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UPDATE: Next few days expect C-O-L-D

January 31, 2011
photo - Cold weather will roll in Monday afternoon and could catch some by surprise.  Photo by MARK REIS, THE GAZETTE
Cold weather will roll in Monday afternoon and could catch some by surprise. Photo by MARK REIS, THE GAZETTE 

While the Midwest shivered, the Northeast endured blizzard after blizzard and the Southeast iced over, Colorado basked in an unusually mild early winter.

On Monday, the bill came due.

Frigid arctic air invaded the Pikes Peak region Monday just days after the temperatures were in the low 60s. If sub-zero temperatures expected to stick around until Wednesday weren't bad enough, there was also the wind.

Gusts of up to 20 mph could make Monday's predicted low of minus 8 feel like 30 below.

“It’s going to be cold. C-O-L-D,” said National Weather Service meteorologist Steve Hodanish.

If it's any consolation, it won't be as cold as it could be. The record low for Feb. 1 in Colorado Springs is minus 27, set in 1951. That record should be safe, but Tuesday's low could flirt with or even surpass the record low of minus 16 for Feb. 2 set in 1985. The low Tuesday is expected to be minus 11 to minus 18.

For most parts of the region, roads were relatively clear for the evening commute Monday with only a dusting of snow. Temperatures, though, were dropping fast. At 4 p.m. the temperature in Colorado Springs was 17 degrees. By 4:30, it was down to 12.

As night fell and the temperature plunged, the Salvation Army’s shelter at 709 S. Sierra Madre St. filled up with homeless people used to toughing out the cold. The shelter opens its doors to anyone who wants to get indoors whenever the temperature is below freezing.

Darryl Wilson, 45, rode his bicycle from Janitell Road and South Circle Drive to the shelter to get indoors for the night, saying it was too cold to try to stay warm his usual way: heating rocks in the coals of his campfire and then putting them in his sleeping bag.

Snow began to fall around 10:30 a.m. Monday in most parts of Colorado Springs and the weather service said 3 to 7 inches was possible through Tuesday.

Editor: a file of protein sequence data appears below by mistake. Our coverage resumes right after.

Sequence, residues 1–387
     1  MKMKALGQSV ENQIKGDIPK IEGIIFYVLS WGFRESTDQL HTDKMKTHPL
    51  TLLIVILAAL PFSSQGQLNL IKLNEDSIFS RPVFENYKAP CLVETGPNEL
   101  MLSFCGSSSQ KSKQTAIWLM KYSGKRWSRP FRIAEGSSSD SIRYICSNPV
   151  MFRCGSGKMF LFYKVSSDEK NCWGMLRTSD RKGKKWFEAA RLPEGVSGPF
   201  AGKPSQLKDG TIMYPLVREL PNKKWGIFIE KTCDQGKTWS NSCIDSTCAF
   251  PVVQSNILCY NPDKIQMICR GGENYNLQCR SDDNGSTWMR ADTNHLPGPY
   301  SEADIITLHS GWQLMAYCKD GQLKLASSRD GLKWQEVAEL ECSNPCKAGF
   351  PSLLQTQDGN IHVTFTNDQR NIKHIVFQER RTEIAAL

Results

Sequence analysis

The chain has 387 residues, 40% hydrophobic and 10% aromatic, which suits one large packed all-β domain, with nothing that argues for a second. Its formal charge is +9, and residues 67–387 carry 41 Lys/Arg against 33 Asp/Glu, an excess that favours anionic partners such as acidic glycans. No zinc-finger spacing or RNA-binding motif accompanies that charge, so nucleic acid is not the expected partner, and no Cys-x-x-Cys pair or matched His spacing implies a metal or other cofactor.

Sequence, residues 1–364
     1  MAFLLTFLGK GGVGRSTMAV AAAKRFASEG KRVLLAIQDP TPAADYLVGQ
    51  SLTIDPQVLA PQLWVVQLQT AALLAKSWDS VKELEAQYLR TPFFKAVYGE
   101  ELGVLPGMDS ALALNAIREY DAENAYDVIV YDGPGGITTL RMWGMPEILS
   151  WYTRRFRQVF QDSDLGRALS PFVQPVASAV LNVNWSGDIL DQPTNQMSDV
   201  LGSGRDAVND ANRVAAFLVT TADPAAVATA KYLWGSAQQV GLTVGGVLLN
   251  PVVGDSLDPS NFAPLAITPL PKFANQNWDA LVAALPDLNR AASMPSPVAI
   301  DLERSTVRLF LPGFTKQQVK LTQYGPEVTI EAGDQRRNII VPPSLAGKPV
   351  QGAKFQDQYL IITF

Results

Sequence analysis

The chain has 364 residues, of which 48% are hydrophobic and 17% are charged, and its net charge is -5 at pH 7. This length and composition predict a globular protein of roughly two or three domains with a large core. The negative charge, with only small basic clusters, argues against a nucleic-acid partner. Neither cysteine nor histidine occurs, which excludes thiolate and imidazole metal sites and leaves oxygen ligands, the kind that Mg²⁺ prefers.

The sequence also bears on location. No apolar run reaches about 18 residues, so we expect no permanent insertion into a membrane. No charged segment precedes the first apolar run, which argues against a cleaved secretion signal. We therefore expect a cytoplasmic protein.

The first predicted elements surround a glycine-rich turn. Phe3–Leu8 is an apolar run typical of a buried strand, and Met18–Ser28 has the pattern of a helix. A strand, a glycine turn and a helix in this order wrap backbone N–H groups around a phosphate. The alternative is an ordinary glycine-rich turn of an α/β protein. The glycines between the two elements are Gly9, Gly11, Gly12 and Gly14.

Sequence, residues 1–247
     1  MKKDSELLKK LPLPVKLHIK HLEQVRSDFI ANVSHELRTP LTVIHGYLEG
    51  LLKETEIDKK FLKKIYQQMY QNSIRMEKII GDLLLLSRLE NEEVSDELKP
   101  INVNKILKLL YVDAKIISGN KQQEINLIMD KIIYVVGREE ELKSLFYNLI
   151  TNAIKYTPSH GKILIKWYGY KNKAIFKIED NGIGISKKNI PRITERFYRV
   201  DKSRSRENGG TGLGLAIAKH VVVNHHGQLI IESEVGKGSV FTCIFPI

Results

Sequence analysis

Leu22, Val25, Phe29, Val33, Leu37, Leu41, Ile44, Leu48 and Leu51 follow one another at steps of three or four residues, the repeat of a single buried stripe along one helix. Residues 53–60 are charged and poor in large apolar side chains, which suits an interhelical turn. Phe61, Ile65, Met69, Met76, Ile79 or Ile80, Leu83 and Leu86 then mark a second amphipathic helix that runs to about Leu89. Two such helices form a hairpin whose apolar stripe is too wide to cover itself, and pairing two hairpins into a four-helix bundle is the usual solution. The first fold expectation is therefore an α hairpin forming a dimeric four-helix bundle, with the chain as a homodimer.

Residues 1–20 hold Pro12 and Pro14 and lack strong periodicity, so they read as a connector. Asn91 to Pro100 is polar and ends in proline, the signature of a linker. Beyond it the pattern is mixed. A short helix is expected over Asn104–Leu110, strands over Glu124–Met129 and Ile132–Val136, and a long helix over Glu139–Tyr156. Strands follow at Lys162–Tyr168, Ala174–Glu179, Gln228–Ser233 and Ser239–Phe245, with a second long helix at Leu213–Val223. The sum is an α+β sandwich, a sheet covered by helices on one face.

Icy roads prompted the Colorado Springs Police Department to go on accident alert about 10:15 a.m. The status, cancelled around 4 p.m. then reinstated at 8:30, means residents can wait up to 72 hours to report a crash, as long as no one has been injured, drugs or alcohol were not involved and no public property has been damaged.

With the predicted cold and snow, some schools already announced delays and closures. Click here to see the latest closures and delays.

Flights continued to land and depart pretty much on schedule at the Colorado Springs Airport throughout Monday.

John McGinley, assistant director of airport operations and maintenance, said that flights are getting out of the gate on time, but some are delayed between five and 15 minutes as they go through de-icing.

For Tuesday’s flights, he suggests anyone going to the airport check with their airline before leaving  - click here to see arrivals and departures.

On the roads, city plows will keep primary routes clear first, including multi-lane roads and access to hospitals. They will move to secondary routes if those are clear, according to city officials.

Residential roads will only be cleared if there is more than 6 inches of snow on the road.

Gazette writer Maria St.Louis-Sanchez contributed to this report.



Avoiding hypothermia and frost bite

-Layer up: keeping your core warm is key.

-Cover up: wear gloves, socks and warm boots. Avoid loss of heat by keeping a hat on.

- Avoid taking infants and young children outside in the cold

-Know when to seek shelter: shivering is the first sign of a dangerous drop in core temperature. Also, if your face, hands or feet are difficult to move, get inside as quickly as possible.

-Stay hydrated: drink coffee, hot cocoa or just water, but keep the fluids flowing.

Keeping pets safe and healthy

-Potty only: small dogs should not be outside for more than 5 to 10 minutes in these
extremely low temperatures. Putting a sweater or jacket on them is ideal.

-Shelter from the storm: larger dogs with cold weather coats still need an insulated place to get out of the wind and cold, as they are still susceptible to hypothermia. They also need access to unfrozen water and need extra food on cold days.

Minimizing damage to your vehicle

-Got a garage?: use it, if possible

-Warm it up: give your car at least five minutes between starting and driving

-Pop your blades: when you park, lift the windshield wipers so you don't return to blade frozen to the windshield

Preventing frozen pipes

-Keep it up: set thermostat no lower than 60 degrees

-Drip, drop: keep a faucet cracked open

-Wrap it up: use wraps or extra insulation on pipes

-Don't get hosed: disconnect outside hoses from exterior faucets


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